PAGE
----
Contextual AI holds the key to its business value

Today, content management systems or services that claim to use AI usually have the memory of a goldfish. That is, they apply image or shape recognition very well, but beyond that, the value of applying AI is very limited. As each document is scanned and its content is “read” and entered into the target system (for example details of invoices in the relevant accounting system), this knowledge is treated as new: there is often little or no contextualisation. The documents and their contents are not intelligently linked to those residing in or extracted from other documents. For example, a purchase order is not automatically linked to a customer record in the CRM system, to provide new buyer information.

There is no doubt that automating processes at this basic level offers decent value in terms of time and cost savings, as well as improved customer services. But the next step in digital business transformation, one that will provide true competitive advantage, is the smart integration of content management more intrinsically within the broader business ecosystem. When intelligent connections are made between documents, data and systems across different functions, it enables more efficient decision-making and can help streamline more complex processes.

Beyond Image and Shape Recognition

AI-enabled single-process use cases, such as intelligent order or invoice automation solutions, are now ripe for integration with other enterprise systems. It’s about combining intelligent learning software with advanced content management to build synthesized institutional knowledge – so-called “contextual AI”. Here, each document and the data it contains can contribute to an intelligent knowledge bank that provides a holistic view of the customer, supplier, product development process – or any other strategic objective.

Next-generation content management platforms and services apply AI in new and smarter ways. Once the technology identifies the type of document, it is able to process that information by entering data into a database or triggering the next step in a workflow.

Take the ability to increase and transform the impact of customer relationship management (CRM) systems, driving more focused sales efforts and better customer service. CRM systems have long promised a “360 degree” account view (much like supplier management systems do in supply chain management). Yet these potentially very powerful systems are only as effective as the information fed into them, which until now has relied on the respective teams building this picture of everything they know about a given account. That is, additional knowledge from accounts, etc., is not fed into or made available to these systems automatically, through direct, intelligent sharing of information across the enterprise. And this failure to join the dots leads to inefficiency. For example, a sales rep won’t automatically be able to see that a customer has asked the support team for new features, which could be addressed in a new sale. They are thus missing out on an income opportunity by living in their local information silo.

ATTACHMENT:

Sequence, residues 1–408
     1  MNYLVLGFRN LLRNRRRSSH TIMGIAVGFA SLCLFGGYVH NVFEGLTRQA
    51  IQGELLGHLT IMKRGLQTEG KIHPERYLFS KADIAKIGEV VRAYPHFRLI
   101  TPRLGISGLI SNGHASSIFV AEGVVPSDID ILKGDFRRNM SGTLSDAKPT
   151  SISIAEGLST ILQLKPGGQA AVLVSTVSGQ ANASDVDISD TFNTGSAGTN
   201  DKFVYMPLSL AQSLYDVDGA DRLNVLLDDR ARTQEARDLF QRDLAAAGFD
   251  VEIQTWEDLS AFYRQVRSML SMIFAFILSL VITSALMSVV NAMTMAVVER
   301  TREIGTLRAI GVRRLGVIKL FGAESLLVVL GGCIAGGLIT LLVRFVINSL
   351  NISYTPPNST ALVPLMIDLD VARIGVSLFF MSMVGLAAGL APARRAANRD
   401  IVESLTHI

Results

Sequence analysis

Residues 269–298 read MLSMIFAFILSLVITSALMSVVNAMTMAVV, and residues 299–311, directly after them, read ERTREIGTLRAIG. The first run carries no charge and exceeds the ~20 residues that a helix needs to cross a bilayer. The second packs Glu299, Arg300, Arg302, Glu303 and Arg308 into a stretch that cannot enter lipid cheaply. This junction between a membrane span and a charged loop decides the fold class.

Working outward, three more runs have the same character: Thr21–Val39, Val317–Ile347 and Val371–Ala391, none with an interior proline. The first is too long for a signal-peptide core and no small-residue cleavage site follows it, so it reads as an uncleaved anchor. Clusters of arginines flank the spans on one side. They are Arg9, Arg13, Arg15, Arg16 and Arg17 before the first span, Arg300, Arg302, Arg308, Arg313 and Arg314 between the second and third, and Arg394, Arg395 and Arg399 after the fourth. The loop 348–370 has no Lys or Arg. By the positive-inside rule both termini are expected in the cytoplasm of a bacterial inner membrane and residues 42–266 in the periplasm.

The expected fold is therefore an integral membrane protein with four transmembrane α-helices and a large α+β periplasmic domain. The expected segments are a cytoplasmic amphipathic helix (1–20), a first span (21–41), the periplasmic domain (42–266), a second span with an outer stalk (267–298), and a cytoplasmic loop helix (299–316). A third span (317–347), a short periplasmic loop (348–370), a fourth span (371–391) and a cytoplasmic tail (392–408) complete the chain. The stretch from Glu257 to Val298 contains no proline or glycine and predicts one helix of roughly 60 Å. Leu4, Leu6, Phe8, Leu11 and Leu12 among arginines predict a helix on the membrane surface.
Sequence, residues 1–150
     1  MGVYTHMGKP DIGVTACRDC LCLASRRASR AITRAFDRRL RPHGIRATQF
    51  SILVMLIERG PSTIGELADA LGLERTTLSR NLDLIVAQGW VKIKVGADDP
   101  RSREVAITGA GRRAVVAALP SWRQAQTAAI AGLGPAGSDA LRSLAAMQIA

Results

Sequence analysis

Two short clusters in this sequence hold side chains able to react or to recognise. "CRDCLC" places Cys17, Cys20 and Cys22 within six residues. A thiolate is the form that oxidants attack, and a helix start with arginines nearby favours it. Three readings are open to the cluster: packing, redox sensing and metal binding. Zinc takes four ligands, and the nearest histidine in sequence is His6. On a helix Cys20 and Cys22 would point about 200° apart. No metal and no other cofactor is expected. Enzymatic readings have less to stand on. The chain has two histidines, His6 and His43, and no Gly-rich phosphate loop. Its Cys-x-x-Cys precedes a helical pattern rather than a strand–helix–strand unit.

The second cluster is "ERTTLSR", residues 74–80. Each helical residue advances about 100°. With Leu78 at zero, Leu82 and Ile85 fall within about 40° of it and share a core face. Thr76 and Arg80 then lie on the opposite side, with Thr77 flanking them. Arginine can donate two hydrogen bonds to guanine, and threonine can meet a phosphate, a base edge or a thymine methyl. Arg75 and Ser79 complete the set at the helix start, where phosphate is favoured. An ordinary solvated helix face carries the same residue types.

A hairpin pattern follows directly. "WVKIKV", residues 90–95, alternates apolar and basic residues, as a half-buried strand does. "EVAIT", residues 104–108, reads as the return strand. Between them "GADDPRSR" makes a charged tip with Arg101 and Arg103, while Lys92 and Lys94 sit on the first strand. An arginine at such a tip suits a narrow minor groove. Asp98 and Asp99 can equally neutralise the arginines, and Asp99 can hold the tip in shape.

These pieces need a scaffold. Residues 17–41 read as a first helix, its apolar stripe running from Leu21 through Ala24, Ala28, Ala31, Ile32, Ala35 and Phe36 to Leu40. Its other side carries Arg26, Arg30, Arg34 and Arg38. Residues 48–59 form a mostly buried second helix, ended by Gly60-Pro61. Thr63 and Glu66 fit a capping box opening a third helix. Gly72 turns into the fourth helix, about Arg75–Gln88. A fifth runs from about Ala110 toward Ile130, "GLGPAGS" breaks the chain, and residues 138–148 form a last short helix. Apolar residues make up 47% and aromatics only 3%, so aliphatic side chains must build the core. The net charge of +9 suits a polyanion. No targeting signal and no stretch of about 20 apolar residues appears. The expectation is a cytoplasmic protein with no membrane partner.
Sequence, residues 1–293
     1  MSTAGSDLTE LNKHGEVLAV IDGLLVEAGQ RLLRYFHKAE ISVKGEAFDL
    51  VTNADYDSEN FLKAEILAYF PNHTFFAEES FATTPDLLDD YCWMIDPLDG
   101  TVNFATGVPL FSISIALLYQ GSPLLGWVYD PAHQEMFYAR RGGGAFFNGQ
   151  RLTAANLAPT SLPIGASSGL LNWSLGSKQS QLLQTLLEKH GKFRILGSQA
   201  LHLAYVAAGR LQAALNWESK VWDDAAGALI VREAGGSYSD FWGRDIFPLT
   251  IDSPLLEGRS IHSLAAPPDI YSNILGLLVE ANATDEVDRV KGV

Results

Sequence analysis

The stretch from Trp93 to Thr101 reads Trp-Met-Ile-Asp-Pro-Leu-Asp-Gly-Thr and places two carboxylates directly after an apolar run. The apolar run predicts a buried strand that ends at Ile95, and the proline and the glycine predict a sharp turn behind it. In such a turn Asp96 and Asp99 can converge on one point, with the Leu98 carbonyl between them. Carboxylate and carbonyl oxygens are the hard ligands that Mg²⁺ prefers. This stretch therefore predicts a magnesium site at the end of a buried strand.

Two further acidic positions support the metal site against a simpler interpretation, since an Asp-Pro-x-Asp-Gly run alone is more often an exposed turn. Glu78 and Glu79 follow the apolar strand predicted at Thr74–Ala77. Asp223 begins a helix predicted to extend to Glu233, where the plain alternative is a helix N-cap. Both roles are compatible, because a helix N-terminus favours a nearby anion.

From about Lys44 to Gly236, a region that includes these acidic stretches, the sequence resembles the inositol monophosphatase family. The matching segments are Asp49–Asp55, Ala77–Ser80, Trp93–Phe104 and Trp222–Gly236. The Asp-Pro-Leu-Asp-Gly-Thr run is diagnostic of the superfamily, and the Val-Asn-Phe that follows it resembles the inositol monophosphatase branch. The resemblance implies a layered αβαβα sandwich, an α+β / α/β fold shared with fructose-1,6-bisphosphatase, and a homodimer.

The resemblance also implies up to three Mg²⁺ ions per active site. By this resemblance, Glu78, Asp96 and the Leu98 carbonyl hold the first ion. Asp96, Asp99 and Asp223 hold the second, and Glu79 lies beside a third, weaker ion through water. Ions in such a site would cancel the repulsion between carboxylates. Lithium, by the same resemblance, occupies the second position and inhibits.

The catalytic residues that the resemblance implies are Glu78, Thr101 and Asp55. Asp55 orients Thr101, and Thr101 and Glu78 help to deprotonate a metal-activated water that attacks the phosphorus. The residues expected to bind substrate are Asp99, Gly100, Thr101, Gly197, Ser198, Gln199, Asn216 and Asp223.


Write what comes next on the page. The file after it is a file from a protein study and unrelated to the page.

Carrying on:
With contextualised, enterprise-wide, AI-powered content automation, the scope for business process transformation and new efficiencies increases dramatically, for example through bypassing protracted processes based on trusted information on new accounts. An invoice from a recognized supplier that is identified as matching a purchase order on the system, for example, could now trigger a payment without needing manager approval, saving time and effort. money while giving loyal suppliers a better experience.

Sustainability

There’s another important consideration in all of this, and it’s building from the perspective of continuing to add more value over time as AI technology develops.

Adopting single-app AI is less likely to provide this path. A software application with “Built-in AI” will be locked into a specific AI framework such as Google TensorFlow, Microsoft Azure Cognitive Services, a Python-based framework, or tied to specific capabilities for pattern matching/image recognition or for natural language processing (BERT, ERNIE, etc.).

Cabling in a single technology approach is a risky decision given how quickly technology evolves and changes. A better approach would be to adopt an open content architecture, which supports any combination of current and future AI options, on a “composable” basis. In this scenario, companies will over time be able to continue to connect intelligent systems in different ways that do not depend on the specific embedded AI of individual applications.

None of this is to say that the role and value added by Human teams has diminished in any way. But given the extent to which the Great Resignation and hybrid work have increased pressure on roles and skill retention, it follows that smarter automation delivers significant value by empowering each team member to truly excel, supported by richer information that has been automatically gathered. and in a timely manner, by AI-enabled, business-to-business content services.

About the Author

Dr. John Bates is the new CEO of SER Group, a technology visionary, automation expert and experienced CxO with a PhD in Computer Engineering from the University of Cambridge. RES Group is a leader in intelligent information management, headquartered in Bonn, Germany.

Norma A. Roth